Low-wage workers across the Twin Cities have been organizing with CTUL, leading a series of strikes over the past three years to demand living wages, benefits like earned sick and safe time (which went into effect on July 1st, 2017 in Minneapolis and St. Paul), and respect and dignity in their workplaces. This leadership allowed for dialogue to be opened in between the workers most directly impacted by this issue and elected officials with the power to change it.
MORE ON PAID SICK DAYS COMING SOON!
“We’ve been organizing for this victory for three years and it makes me soo happy that today the City Council has finally taken a vote to raise the minimum wage. Although we faced many obstacles in this fight, we didn’t give up. We kept organizing with our co-workers, going on strike, going to shareholders meetings, and showing up to let our elected officials know that we have been fighting for this because we need it. I am very happy today.” Guillermo Lindsay, CTUL member and fast food worker.
We are very proud of this victory! This is a testament to our base that when we organize, we win! This would not have been possible without the leadership of workers impacted by this very issue, and without the broader coalition of amazing organizations in the Twin Cities. All of the strikes, rallies, and risks are paying off so we will continue to fight until we have an economy that works for all of us and not just a few wealthy CEOs. This includes leading ongoing workplace fights for fair wages and working conditions, fighting for $15 in St. Paul and other surrounding cities, and organizing for strategic enforcement that empowers workers to defend our rights in the workplace.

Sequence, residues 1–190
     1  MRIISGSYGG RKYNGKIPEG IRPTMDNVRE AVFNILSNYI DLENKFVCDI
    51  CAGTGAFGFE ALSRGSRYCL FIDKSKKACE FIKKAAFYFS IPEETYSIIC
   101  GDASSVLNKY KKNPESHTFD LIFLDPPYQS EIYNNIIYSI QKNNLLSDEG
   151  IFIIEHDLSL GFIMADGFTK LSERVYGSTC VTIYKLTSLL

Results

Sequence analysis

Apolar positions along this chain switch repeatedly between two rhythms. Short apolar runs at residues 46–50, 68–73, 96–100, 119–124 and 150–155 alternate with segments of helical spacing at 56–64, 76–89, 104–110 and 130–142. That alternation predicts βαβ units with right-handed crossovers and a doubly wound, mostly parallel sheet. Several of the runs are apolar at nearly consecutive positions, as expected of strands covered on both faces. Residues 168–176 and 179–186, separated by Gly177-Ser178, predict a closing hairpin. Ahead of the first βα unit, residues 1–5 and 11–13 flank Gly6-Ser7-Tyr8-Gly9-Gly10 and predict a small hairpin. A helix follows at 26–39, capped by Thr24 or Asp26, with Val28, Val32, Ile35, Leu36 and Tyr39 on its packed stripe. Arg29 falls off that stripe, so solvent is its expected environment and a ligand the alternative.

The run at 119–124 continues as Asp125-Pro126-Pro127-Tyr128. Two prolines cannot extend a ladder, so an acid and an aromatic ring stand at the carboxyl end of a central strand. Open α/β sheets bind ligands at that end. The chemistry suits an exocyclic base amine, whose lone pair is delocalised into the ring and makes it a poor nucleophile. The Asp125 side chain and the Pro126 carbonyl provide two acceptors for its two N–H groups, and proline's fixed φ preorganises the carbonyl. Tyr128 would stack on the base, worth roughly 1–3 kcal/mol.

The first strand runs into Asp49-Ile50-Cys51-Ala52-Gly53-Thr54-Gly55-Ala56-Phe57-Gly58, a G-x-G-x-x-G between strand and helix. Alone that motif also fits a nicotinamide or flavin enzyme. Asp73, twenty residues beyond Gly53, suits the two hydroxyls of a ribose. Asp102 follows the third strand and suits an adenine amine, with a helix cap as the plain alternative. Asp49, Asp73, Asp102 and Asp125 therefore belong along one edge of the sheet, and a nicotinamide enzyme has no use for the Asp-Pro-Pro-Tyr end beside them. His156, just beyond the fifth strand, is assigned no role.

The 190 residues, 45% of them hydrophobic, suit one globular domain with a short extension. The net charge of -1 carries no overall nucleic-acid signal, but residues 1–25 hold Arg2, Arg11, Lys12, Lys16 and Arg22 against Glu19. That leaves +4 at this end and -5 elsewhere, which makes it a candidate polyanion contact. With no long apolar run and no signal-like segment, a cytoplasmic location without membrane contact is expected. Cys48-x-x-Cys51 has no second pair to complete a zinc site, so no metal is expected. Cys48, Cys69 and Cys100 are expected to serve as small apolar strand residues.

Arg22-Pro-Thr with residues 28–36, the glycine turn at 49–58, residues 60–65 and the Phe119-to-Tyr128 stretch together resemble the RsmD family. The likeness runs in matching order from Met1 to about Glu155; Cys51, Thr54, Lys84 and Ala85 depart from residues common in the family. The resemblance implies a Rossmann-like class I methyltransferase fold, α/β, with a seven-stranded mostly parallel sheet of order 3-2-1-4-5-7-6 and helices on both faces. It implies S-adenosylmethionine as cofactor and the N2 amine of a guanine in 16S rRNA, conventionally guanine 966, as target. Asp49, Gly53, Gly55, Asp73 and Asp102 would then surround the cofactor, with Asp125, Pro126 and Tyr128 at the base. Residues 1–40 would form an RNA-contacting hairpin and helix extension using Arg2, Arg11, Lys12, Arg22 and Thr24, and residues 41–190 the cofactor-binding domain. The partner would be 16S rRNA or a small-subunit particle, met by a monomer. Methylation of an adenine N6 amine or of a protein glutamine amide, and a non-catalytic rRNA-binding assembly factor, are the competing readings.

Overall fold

Retail Janitors Are Heading to Home Depot Shareholders Meeting on 5/18
My name is Elizabeth Mejia Campillo and I work for Kimco Services as a retail janitor cleaning a Home Depot and a Kohl’s in the Twin Cities. At Kimco, we have repeatedly asked for raises and have not received them. We don’t have access to any benefits such as paid sick days or vacation time. Many of my co-workers are losing hours as Kimco continues to make us do the same work in less and less time. As the head of my household, I need to work two jobs in order to pay our mortgage, bills, and other expenses. I support my daughter while she studies in college and my 70 year old mother who still works part time only to pay her medical expenses.